Now I’m very picky with performance and tempo of dialogue, and all of these things. The amount of rehearsal that would be required would kill some of the spontaneity, and thus, I don’t know if I will ever achieve the goal of having a lot of long takes and having most of the dialogue scenes without cuts. But I feel whether you’re conscious of it or not, every time there is a cut, there is a suspension of disbelief. This is not something you would experience in reality. These perspective changes, jumping forward in time, all of this stuff seems to underline the fact that you’re watching a movie. Certainly, it goes hand in hand with the amount of score that you hear in Dragged Across Concrete, which is zero. There is probably three minutes of it in Brawl, which is a two hour and thirteen-minute movie, and there is a little bit more in Bone, but that was to cover up some weaknesses in scenes and locations that I don’t think quite landed.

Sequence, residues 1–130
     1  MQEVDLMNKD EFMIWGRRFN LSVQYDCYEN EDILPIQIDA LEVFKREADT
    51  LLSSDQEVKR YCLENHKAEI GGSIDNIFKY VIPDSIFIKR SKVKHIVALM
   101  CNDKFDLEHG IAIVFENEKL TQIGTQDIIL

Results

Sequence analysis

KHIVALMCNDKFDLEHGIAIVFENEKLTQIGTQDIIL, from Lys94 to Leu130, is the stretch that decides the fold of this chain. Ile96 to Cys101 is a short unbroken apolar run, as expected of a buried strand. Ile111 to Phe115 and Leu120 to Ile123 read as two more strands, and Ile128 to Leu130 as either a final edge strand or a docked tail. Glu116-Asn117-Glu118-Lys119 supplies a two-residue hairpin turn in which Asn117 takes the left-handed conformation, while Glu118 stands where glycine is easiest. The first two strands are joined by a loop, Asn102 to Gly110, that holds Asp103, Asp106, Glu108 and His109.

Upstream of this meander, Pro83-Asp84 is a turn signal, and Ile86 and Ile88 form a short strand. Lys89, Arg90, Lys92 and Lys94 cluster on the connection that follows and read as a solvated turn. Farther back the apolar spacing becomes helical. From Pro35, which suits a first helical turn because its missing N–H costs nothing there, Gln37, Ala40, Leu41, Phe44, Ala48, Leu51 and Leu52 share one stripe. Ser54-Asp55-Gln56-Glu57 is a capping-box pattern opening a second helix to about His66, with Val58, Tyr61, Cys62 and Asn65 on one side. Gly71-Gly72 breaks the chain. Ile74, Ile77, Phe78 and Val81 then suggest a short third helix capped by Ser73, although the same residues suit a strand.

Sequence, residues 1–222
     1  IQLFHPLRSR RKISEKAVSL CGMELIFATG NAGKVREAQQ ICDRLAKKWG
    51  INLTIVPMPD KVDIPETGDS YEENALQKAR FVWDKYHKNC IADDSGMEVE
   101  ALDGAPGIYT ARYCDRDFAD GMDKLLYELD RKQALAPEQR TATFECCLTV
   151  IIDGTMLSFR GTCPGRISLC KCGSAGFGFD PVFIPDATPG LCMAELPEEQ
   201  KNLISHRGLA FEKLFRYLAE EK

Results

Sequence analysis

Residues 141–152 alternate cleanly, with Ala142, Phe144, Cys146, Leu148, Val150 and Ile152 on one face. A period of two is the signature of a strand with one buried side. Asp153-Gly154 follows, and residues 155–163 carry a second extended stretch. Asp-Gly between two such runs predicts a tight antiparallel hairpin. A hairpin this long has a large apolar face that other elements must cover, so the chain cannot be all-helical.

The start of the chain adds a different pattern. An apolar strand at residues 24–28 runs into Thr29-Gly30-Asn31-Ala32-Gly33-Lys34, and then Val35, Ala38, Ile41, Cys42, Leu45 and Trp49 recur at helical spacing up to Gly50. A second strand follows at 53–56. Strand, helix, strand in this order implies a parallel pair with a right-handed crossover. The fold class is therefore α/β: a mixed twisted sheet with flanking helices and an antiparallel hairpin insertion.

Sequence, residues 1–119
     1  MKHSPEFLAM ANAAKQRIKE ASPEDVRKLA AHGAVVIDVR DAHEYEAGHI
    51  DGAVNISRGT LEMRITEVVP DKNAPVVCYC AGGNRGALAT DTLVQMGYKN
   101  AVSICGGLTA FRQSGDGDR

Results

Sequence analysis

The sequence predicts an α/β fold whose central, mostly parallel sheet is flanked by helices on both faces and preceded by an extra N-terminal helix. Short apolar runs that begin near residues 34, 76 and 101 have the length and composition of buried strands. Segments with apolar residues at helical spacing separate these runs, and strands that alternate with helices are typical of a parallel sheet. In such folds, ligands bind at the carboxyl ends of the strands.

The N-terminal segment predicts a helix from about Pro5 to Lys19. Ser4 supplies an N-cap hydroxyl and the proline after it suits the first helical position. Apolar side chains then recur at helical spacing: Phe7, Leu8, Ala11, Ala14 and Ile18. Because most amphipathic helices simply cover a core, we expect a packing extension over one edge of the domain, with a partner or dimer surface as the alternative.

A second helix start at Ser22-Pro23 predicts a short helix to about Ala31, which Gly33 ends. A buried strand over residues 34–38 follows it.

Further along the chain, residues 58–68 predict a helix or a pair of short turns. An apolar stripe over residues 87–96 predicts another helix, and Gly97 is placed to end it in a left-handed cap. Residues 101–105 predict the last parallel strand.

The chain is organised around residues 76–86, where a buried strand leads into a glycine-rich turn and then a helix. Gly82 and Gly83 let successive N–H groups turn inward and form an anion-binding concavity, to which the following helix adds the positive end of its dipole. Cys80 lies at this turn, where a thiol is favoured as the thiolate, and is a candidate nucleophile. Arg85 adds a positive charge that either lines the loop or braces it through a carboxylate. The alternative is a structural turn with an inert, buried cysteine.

It’s all in aid of this idea of getting the filmmaking aspects out of the way, so the audience is as close in with the characters as possible, and not thinking about a cool looking dolly shot or music telling them how to feel, which makes them aware that they are watching a movie unfold before them as opposed to reality.
That makes sense, and in today’s day and age, it’s becoming a rare thing to see such long takes. Most of the time, we see ten million cuts in one scene.
Right. And some of it is just you’re forced to make those decisions on the set and get it to land that way. Whereas if it’s a million cuts, you can make all those decisions in the editing room, and shoot it in a hundred different ways.
It was a breath of fresh air watching Dragged Across Concrete a few months back because it was so different from the films we’re getting on a regular basis. You said in an interview that you didn’t think Hollywood was in a good place. Do you think we have too many superhero films in today’s market?